The Correspondence has been selected from the mass of letters preserved, in inany cases, in almost unbroken series from first to last. One large classthose to the parents of his pupils,—I have been unable to procure, and possibly they could not have been made available for the present work. Another numerous body of letters—those which were addressed to scientific or literary men on questions connected with his edition of Thucydides or his History,—I have omitted, partly as thinking them too minute to occupy space wanted for subjects of more general importance; partly because their substance or their results have for the most part been incorporated into his published works. To those which appear in the present collection, something of a fragmentary character has been imparted by the necessary omission, wherever it was possible, of repetitions, such as must necessarily occur in letters written to different persons at the same time,-of allusions which would have been painful to living individuals,- of domestic details, which, however characteristic, could not have been published without a greater infringement on privacy than is yet possible, —of passages which, without further explanation than could be given, would certainly have been misunderstood. Still, enough remains to give in his own words, and in his own manner, what he thought and felt on the subjects of most interest to him. And though the mode of expression must be judged by the relation in which he stood to those whom he ad

dressed, and with the usual and just allowance for the familiarity and unreservedness of epistolary intercourse, yet, on the whole, the Letters represent (except where they correct themselves) what those who knew him best believe to have been his deliberate convictions and his habitual feelings.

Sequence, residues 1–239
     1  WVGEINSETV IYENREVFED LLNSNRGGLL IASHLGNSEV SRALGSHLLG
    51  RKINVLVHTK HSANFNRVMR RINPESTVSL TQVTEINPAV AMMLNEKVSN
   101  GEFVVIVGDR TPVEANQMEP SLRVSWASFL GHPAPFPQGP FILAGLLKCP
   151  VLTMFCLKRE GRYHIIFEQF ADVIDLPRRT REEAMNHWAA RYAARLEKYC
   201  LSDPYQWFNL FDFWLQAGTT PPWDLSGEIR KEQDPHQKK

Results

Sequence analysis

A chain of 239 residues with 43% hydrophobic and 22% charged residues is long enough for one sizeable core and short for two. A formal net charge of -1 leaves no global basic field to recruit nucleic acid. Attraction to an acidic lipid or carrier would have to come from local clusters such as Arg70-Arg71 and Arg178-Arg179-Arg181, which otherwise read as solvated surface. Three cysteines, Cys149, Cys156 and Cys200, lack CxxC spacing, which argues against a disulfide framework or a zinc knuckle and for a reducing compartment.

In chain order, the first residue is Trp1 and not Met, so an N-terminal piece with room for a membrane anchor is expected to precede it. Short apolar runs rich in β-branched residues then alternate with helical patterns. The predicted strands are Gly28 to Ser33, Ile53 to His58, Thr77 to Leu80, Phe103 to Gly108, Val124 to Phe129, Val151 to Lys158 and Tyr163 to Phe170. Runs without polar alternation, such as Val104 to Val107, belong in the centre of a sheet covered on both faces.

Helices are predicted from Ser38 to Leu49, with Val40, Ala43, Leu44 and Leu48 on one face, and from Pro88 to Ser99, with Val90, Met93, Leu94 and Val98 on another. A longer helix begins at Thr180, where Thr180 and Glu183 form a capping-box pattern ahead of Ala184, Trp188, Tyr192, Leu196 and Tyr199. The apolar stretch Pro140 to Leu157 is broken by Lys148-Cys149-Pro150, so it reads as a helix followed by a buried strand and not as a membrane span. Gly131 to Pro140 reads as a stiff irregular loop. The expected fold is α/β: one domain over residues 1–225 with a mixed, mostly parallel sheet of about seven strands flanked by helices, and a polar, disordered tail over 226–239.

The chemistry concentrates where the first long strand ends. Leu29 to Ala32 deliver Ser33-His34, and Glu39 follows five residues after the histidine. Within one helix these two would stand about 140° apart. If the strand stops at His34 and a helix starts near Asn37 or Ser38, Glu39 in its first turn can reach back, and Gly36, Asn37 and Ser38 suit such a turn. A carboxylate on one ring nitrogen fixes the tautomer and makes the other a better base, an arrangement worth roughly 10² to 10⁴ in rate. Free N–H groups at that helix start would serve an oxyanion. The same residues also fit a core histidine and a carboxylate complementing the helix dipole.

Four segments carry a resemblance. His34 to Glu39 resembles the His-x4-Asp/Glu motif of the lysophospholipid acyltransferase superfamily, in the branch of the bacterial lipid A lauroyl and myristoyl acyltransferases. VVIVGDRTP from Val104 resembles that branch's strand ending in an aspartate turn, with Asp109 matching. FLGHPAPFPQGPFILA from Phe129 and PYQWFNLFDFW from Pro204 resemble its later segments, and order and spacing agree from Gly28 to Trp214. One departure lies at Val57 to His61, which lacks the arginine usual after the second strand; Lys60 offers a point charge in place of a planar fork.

The object of the Narrative has been to state so much as would enable the reader to enter upon the Letters with a correct understanding of their writer in his different periods of life, and his different sphere of action. In all cases where it was possible, his opinions and plans have been given in his own words, and in no case, whether in speaking of what he did or intended to do, from mere conjecture of my own or of any one else. Wherever the narrative has gone into greater detail, as in the chapter on his “ School Life at Rugby,” it has been where the Letters were comparatively silent, and where details alone would give to those who were most concerned a true representation of his views and actions.

In conclusion, it will be obvious that to have mixed up any judgment of my own, either of praise or censure, with the facts or the statements contained in this work, would have been wholly irrelevant. The only question which I have allowed myself to ask in each particular act or opinion that has come before me, has been not whether I approved or disapproved of it, but whether it was characteristic of him. To have assumed the office of a judge, in addition to that of a narrator or editor, would have increased the responsibility, already great, a hundredfold; and in the present case, the vast importance of many of the questions discussed—the insufficient time and